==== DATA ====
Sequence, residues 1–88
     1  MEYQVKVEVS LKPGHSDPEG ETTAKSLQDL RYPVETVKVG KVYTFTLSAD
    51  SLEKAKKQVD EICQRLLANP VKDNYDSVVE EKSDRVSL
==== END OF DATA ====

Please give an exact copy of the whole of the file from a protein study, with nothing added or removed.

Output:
Sequence, residues 1–88
     1  MEYQVKVEVS LKPGHSDPEG ETTAKSLQDL RYPVETVKVG KVYTFTLSAD
    51  SLEKAKKQVD EICQRLLANP VKDNYDSVVE EKSDRVSL